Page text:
Every year, Carnival lovers the world over flock to Trinidad to indulge in revelry infused with an explosion of colourful costumes, wanton revelry, soca and calypso.
While most mas fanatics are familiar with the party side of Carnival, it’s easy to overlook the multi-layered elements of the season as well as what its origins entail.
Indeed, present-day Carnival is a celebration of island pride and freedom of expression but it’s important to remember that the festivities are deeply rooted in rebellion and the re-enactment of Canboulay Riots stands as an artistic ode to our revolutionary past.
Carnival during post-Emancipation held a different meaning than its celebrations during enslavement. In the late 18th and early 19th century, the planter class and free coloureds hosted masquerade balls symbolising a “farewell to the flesh” ahead of the Catholic Lenten season. These masquerade celebrations included dressing up and mimicking each other as a form of entertainment. Following the end of slavery, however, ‘mas’ celebrations converged into that of defiance. As scholar JD Elder noted, “Canboulay is basically a ceremony symbolising cane-burning that Africans of Trinidad devised to celebrate their ‘freedom from slavery’ in 1838.”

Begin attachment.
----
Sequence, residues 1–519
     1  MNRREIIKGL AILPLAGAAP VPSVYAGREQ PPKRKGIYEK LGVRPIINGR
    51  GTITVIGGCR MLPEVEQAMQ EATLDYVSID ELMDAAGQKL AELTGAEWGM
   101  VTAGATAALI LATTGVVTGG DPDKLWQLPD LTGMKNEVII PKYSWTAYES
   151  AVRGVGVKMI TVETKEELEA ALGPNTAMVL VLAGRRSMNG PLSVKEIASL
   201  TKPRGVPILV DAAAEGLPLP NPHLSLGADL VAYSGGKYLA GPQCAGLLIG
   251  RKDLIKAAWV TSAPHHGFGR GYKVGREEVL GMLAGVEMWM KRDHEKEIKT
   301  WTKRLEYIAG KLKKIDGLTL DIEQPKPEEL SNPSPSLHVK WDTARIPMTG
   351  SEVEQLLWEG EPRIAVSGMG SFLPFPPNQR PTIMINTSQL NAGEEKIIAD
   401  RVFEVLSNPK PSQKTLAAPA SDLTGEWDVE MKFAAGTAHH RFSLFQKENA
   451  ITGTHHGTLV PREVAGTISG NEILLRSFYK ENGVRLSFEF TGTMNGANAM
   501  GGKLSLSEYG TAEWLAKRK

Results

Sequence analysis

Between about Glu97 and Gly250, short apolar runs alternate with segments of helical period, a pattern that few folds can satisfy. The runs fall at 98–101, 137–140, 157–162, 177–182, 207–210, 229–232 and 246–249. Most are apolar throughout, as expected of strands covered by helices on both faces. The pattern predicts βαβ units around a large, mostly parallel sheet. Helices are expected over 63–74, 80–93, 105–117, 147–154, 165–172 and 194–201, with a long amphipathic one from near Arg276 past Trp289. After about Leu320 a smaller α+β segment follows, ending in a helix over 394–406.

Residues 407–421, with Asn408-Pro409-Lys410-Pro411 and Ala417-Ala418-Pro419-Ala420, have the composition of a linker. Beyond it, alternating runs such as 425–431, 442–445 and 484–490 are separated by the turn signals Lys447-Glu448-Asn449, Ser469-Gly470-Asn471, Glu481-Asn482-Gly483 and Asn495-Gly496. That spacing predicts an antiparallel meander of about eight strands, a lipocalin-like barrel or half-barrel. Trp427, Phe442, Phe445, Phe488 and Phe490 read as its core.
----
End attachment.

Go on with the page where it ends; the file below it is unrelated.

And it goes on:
Published Mar 02, 2020